Historian Fred Hughes writes....
There have been only eleven women Lord Mayors in the 99 year history of Stoke-on-Trent council. Highly chauvinistic you might think particularly as there were only two in the first 50 years.
Jarrett was a Potteries girl born in 1890. She worked on the potbanks and
was very much aware of female inequality. She found a voice when she
became a suffragette and joined the National Union of Women's Suffrage
Societies (NUWSS) just before the Great War.
“Another 23 years were to pass before the next female Lord Mayor came to office; that was Annie Longson Barker in 1954. But this does not tell the full story of the role women played in local government in Stoke-on-Trent,” Steve adds. “More women had begun to come through the ranks of the Labour Party and the Co-op movement. Alongside Annie Barker was the formidable Blanche Meakin, a councillor for Birches Head – diminutive in size but gigantic in attitude. The unmarried Annie Barker even chose Blanche to be her Lady Mayoress. Then there was Harriet Slater, a councillor from Milton who became Member of Parliament for Stoke North in 1955 serving as a government whip in Harold Wilson’s first administration. In 1968 Doris Robinson CBE, daughter of Potteries Union leader Sam Clowes MP and sister of education reformer Sir Harold Clowes, became Lord Mayor. By this time the importance of women in the council chamber was certainly recognized.”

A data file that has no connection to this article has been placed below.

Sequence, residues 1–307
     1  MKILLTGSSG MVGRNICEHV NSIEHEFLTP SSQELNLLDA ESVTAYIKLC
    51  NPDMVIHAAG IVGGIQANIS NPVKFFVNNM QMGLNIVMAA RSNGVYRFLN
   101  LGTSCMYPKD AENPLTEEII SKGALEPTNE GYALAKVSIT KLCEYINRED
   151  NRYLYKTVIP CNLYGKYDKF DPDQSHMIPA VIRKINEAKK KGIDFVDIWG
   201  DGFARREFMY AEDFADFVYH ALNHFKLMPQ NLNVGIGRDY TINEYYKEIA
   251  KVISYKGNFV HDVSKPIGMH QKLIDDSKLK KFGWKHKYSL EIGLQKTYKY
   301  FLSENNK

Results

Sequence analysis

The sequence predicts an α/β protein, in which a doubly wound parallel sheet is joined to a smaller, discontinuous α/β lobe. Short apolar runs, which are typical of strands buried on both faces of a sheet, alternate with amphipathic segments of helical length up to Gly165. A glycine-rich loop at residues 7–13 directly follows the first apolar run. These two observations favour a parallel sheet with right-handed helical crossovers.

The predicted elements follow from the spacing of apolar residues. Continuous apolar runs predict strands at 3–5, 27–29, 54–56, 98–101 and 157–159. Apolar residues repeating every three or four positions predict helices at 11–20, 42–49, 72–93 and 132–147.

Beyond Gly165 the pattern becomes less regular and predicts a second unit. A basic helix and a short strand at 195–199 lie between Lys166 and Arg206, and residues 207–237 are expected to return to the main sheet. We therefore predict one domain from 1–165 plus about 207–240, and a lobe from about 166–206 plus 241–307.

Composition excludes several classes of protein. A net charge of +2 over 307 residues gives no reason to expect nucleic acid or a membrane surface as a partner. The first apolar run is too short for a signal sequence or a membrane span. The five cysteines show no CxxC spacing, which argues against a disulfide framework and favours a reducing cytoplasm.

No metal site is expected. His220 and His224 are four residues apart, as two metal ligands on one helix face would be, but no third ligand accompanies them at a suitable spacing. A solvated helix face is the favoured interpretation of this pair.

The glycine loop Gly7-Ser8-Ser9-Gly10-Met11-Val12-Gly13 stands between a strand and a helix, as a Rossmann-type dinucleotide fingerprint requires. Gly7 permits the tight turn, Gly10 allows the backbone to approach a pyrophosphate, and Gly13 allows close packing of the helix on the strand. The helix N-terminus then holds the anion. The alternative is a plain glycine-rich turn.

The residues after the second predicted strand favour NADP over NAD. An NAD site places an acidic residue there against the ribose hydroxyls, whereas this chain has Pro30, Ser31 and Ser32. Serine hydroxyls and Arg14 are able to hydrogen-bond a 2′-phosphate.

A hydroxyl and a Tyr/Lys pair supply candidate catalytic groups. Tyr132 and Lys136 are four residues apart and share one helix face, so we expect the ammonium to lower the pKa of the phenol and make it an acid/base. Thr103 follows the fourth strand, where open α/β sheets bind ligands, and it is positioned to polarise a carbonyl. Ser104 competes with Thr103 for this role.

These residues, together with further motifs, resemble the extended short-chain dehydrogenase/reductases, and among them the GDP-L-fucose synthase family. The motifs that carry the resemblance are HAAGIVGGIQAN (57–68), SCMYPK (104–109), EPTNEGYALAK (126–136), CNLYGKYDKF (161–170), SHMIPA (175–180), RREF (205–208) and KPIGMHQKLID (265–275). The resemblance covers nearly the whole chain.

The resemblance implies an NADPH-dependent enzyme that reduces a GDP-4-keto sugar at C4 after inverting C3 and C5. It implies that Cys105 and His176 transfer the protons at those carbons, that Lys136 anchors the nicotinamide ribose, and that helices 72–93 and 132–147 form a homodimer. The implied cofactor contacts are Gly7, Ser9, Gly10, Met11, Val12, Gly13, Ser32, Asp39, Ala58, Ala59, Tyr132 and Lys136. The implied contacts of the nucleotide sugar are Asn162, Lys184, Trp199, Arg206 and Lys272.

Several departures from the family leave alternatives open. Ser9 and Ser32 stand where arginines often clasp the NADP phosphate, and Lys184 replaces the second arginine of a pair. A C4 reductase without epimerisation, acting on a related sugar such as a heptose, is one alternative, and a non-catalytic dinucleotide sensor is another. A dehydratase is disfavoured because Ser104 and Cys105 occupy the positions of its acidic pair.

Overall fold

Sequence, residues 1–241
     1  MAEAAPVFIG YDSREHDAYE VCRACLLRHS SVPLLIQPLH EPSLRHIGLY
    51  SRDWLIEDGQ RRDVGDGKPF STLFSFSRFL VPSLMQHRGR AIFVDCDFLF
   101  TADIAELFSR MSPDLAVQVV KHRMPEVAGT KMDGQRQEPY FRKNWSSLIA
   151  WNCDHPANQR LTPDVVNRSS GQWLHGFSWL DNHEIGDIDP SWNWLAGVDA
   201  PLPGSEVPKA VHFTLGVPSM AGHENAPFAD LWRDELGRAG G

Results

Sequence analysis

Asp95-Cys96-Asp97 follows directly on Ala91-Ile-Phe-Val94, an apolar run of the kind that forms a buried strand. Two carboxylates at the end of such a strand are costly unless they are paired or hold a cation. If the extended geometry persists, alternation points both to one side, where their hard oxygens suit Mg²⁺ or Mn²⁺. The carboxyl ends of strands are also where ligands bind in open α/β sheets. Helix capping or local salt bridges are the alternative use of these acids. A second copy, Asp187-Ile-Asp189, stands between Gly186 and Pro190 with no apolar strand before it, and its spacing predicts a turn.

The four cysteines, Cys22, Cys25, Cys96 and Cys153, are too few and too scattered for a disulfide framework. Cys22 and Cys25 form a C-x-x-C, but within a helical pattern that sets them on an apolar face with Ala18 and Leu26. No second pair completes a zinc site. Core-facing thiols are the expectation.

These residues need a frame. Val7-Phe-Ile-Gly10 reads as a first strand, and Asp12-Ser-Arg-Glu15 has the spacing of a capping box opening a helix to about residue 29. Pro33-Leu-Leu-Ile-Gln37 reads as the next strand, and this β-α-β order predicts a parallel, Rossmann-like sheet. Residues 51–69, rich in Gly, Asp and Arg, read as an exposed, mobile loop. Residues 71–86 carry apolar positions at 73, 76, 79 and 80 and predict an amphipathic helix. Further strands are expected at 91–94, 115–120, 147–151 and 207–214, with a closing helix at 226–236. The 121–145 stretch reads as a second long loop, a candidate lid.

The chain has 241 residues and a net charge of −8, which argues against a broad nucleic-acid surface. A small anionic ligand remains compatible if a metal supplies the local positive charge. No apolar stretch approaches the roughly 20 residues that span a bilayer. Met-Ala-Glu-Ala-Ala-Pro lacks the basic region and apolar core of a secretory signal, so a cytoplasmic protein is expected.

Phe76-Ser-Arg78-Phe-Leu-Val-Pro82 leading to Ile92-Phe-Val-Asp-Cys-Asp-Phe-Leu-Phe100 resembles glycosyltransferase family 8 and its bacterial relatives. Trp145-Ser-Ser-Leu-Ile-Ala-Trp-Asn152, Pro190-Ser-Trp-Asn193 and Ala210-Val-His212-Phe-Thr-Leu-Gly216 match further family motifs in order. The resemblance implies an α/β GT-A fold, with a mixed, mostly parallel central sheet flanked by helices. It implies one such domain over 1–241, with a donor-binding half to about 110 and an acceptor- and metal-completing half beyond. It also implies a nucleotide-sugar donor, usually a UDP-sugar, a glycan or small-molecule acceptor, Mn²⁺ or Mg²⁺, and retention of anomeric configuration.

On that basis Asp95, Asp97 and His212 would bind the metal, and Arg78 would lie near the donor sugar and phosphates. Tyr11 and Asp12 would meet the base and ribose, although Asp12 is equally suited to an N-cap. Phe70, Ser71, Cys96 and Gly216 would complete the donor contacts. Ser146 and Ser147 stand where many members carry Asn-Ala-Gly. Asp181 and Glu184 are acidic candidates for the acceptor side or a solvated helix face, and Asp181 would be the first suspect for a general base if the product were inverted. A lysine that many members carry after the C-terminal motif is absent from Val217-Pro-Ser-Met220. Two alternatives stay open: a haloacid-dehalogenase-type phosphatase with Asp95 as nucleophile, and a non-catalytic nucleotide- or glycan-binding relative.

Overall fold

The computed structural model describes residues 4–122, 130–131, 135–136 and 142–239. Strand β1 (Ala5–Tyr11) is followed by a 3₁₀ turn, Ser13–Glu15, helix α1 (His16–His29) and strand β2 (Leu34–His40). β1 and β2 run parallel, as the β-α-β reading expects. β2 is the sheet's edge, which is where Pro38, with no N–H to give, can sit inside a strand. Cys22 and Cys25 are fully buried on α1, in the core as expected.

Even so it does seem that certain qualifications were necessary for women to achieve the status of high civic office. For instance all the women who became Lord Mayor, including Mary Bourne, Mary Stringer, Sybil Halfpenny, Lily Wall, Marion Beckett, Kathleen Banks and Barbara Dunn all belonged to one particular political party. Labour councillor Jean Edwards was the city’s last woman Lord Mayor in 2006.
“Labour certainly promoted women,” she says. “And there’s no doubt that social organisations such as the Co-op movement, workers educational programmes and other ethical societies attracted women interested in socialist ideology. Trades unions and the Labour Party gave women opportunities to engage with domestic politics. It should be remembered that women were the majority in the potteries workforce and it is only right they should be involved in democratic representation. But the meagre list of women Lord Mayors illustrates how difficult it has been to achieve impartial and equitable representation over the last hundred years. Although there were no women councillors in 1910 I think that today’s 17 female representatives reflects what federation was all about. I’m so proud that women played their part in its history.”
Jean acknowledges we are living in interesting times. A century ago the pioneering councillors took a leap of faith towards a united city. Who knows now what the next 12 months will bring never mind the next hundred years.
25 Mar 2009